Subsequently, the Court directed the plaintiffs to file a memorandum of law addressing whether: (1) the nondiverse parties are dispensable; and (2) prejudice will attend any party perforce of the dismissal of nondiverse parties. The defendants were directed to file a responsive

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memorandum of law, and the plaintiffs were permitted to file a reply (Docket Entry No. 151). The parties made their respective submissions. The Court considered the parties' submissions related to subject-matter jurisdiction in determining the defendants' motion to dismiss for lack of subject-matter jurisdiction.

DISCUSSION

" If the court determines at any time that it lacks subject-matter jurisdiction, the court must dismiss the action." Fed.R.Civ.P. 12(h)(3). " [T]he party asserting subject-matter jurisdiction . . . has the burden of proving its existence by a preponderance of the evidence." Garanti Finansal Kiralama A.S. v. Aqua Marine & Trading Inc., 697 F.3d 59, 65 (2d Cir. 2012). " That party must allege a proper basis for jurisdiction in his pleadings and must support those allegations with 'competent proof' if a party opposing jurisdiction properly challenges those allegations, or if the court sua sponte raises the question." Linardos v. Fortuna, 157 F.3d 945, 947 (2d Cir. 1998) (internal citation omitted). In adjudicating a motion to dismiss for lack of subject-matter jurisdiction, " a district court may consider evidence outside the pleadings." Morrison v. Nat'l Australia Bank Ltd., 547 F.3d 167, 170 (2d Cir. 2008). " The existence of federal jurisdiction ordinarily depends on the facts as they exist when the complaint is filed." Newman-Green, Inc. v. Alfonzo-Larrain, 490 U.S. 826, 830, 109 S.Ct. 2218, 2222, 104 L.Ed.2d 893 (1989). " [W]hen a plaintiff files a complaint in federal court and then voluntarily amends the complaint, courts look to the amended complaint to determine jurisdiction." Rockwell Int'l Corp. v. United States, 549 U.S. 457, 473-74, 127 S.Ct. 1397, 1409, 167 L.Ed.2d 190 (2007).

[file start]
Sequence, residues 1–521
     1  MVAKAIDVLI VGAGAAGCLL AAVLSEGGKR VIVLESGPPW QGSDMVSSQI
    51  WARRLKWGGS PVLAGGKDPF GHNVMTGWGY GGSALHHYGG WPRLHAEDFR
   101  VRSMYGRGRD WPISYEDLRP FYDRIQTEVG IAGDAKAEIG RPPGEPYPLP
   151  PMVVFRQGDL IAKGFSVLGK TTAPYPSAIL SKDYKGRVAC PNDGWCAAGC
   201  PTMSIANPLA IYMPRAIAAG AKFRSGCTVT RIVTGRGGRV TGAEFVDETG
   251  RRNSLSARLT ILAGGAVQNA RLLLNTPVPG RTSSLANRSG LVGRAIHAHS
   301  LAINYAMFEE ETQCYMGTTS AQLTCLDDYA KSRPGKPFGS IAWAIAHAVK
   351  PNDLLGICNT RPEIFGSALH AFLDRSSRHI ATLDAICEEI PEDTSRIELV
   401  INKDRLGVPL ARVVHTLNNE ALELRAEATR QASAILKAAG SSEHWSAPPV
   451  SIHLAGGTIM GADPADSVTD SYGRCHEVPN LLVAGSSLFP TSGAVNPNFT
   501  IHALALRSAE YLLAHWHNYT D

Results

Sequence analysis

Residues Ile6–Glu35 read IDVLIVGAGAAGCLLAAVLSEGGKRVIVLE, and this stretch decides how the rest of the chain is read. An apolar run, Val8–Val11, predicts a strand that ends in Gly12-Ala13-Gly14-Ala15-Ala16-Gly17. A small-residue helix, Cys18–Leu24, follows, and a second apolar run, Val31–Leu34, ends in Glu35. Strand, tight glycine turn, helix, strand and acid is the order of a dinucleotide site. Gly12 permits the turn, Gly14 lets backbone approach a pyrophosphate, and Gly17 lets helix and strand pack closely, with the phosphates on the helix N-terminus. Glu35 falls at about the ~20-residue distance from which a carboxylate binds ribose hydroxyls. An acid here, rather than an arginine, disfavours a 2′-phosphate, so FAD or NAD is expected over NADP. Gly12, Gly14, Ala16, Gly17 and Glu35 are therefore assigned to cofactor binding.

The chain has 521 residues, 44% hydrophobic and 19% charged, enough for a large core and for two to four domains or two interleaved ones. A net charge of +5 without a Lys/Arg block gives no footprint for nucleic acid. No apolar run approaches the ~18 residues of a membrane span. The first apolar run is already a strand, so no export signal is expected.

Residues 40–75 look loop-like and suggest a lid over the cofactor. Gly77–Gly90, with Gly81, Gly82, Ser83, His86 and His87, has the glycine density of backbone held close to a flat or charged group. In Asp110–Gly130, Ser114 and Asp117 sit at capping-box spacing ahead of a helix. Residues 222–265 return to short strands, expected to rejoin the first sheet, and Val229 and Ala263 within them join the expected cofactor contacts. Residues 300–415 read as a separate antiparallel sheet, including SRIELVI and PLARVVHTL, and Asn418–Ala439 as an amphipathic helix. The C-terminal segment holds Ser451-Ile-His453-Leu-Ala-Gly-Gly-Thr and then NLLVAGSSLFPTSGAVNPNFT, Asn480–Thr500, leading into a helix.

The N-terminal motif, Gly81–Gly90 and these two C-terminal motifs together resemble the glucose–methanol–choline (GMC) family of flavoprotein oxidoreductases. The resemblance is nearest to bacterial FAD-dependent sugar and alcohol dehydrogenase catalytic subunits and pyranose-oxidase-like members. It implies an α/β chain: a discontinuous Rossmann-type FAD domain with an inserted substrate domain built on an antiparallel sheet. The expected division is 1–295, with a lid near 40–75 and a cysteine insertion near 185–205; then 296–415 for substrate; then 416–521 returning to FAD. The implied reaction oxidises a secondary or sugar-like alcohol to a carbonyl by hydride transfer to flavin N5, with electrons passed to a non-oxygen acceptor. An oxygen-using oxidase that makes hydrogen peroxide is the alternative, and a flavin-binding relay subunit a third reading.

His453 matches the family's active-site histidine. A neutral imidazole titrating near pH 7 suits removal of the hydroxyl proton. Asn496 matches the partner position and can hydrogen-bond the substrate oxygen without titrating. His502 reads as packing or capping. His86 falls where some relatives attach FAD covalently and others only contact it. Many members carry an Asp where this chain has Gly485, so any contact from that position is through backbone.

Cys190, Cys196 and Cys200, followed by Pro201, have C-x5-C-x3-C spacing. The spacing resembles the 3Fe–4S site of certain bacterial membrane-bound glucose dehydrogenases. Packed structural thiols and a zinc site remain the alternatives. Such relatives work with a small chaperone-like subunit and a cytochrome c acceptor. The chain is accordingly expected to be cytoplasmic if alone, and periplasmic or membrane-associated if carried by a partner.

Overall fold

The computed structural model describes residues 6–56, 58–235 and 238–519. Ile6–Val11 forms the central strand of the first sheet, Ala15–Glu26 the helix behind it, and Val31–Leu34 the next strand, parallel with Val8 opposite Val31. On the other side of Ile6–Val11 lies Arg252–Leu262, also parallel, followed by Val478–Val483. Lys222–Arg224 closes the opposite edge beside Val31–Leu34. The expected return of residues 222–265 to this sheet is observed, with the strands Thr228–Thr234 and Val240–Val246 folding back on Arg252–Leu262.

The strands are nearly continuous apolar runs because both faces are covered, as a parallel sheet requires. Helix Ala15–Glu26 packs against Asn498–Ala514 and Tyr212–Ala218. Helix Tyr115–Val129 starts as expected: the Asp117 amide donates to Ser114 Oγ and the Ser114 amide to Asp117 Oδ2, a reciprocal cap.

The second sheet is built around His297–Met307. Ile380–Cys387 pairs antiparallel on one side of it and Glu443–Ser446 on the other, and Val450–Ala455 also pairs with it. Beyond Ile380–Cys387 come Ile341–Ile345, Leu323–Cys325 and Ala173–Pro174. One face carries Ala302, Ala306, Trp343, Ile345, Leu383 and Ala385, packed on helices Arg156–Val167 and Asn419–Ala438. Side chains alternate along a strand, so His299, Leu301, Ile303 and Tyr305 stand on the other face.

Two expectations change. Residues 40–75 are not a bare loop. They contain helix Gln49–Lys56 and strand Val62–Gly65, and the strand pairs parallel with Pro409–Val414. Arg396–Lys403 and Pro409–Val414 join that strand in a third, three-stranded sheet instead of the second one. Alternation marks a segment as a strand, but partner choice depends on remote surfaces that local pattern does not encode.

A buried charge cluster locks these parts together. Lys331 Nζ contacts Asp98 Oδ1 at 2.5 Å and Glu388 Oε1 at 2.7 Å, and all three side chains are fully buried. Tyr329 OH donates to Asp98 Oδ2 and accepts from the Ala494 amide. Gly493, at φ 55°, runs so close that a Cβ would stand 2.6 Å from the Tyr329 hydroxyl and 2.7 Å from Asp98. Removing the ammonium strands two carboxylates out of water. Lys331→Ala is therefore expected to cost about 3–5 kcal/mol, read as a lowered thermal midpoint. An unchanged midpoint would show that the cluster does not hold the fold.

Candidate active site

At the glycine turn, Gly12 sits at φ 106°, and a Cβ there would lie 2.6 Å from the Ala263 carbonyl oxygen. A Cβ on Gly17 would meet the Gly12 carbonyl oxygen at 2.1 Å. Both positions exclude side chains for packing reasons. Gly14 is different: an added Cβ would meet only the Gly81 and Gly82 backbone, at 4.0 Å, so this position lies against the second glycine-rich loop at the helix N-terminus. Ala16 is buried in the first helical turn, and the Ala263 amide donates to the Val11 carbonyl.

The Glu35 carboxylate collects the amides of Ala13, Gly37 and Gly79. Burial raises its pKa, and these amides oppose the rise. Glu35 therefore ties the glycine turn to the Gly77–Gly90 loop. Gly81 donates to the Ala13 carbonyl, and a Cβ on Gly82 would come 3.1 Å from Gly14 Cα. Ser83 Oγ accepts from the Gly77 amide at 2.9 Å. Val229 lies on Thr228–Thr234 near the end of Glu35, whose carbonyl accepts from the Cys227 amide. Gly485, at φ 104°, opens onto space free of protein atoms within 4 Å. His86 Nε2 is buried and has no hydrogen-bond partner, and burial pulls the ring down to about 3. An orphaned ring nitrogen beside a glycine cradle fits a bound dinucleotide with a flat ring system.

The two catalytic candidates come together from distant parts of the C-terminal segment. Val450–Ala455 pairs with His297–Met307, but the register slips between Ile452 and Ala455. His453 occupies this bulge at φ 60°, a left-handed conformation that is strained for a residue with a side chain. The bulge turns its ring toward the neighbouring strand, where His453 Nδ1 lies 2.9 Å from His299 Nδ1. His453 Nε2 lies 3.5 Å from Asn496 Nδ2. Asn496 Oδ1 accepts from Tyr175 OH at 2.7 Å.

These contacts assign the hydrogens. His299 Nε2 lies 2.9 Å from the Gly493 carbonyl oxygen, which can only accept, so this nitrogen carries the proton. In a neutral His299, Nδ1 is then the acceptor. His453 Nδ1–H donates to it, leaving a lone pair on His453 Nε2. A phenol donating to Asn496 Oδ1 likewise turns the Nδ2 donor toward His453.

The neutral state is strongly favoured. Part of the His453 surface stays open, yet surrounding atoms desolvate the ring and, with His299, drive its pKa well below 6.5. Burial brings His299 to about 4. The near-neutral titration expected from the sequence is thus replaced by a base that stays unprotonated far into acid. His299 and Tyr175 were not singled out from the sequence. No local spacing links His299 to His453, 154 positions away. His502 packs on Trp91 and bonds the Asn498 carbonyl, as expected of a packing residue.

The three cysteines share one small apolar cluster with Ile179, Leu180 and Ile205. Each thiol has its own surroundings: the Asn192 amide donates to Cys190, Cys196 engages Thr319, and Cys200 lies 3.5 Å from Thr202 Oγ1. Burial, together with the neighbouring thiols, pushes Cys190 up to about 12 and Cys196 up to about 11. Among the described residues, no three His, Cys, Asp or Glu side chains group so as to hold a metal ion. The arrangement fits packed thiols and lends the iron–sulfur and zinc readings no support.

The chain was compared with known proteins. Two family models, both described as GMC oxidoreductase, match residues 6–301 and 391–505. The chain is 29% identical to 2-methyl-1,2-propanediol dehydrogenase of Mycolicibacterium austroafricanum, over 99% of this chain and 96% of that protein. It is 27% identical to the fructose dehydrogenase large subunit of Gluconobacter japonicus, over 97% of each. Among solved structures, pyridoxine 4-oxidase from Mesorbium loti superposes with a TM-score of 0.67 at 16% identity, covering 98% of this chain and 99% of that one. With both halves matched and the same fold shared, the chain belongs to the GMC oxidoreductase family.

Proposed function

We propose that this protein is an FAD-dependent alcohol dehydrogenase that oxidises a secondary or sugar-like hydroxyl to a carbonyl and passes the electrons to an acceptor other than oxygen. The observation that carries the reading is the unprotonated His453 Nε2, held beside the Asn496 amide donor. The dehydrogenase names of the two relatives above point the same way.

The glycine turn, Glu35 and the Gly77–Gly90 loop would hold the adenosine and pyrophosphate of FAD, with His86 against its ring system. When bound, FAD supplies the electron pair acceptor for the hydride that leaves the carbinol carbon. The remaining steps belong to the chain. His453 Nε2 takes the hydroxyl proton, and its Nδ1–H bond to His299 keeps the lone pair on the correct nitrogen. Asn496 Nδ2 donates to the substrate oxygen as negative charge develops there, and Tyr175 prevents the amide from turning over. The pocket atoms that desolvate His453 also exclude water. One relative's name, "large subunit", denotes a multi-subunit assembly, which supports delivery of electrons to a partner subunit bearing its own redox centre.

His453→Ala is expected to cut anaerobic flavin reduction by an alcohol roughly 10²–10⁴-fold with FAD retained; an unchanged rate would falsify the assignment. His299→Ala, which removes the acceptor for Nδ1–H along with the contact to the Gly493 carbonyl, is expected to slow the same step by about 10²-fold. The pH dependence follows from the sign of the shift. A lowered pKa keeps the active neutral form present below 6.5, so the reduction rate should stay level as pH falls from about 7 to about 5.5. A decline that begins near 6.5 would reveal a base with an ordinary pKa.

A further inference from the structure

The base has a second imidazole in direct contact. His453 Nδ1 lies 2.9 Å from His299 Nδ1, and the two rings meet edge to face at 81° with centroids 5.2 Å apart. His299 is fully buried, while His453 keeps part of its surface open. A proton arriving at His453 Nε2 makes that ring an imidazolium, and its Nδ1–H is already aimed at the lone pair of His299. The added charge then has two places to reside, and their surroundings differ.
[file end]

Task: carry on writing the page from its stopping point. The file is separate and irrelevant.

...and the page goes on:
Federal Question Jurisdiction

" The district courts shall have original jurisdiction of all civil actions arising under the Constitution, laws, or treaties of the United States." 28 U.S.C. § 1331. The plaintiffs' third-amended complaint asserts thirteen claims indicated above, including " punitive damages," which is a remedy, not a claim. The only federal law invoked in the complaint is HAMP, the United States Department of the Treasury program codified within the Emergency Economic Stabilization Act of 2008, 12 U.S.C. § § 5201-5261. However, HAMP does not create a private right of action for borrowers against loan servicers. See Miller v. Chase Home Finance, LLC, 677 F.3d 1113, 1116 (11th Cir. 2012) (no express or implied private right of action under HAMP); Wigod v. Wells Fargo Bank, N.A., 673 F.3d 547, 559 n.4 (7th Cir. 2012) (" HAMP does not create a private federal right of action for borrowers against servicers" and " borrowers were not intended third-party beneficiaries of the SPAs" ); Griffith-Fenton v. Chase Home Finance, No. 11 CV 4877, 2012 WL 2866269, at *3 (S.D.N.Y. May 29, 2012) (" HAMP does not provide a private cause of action, nor may plaintiff enforce the agreement as a third-party-beneficiary." ). Moreover, the plaintiffs concede that HAMP provides no private right of action. See Docket Entry No. 126. Accordingly, the Court finds that HAMP does not ...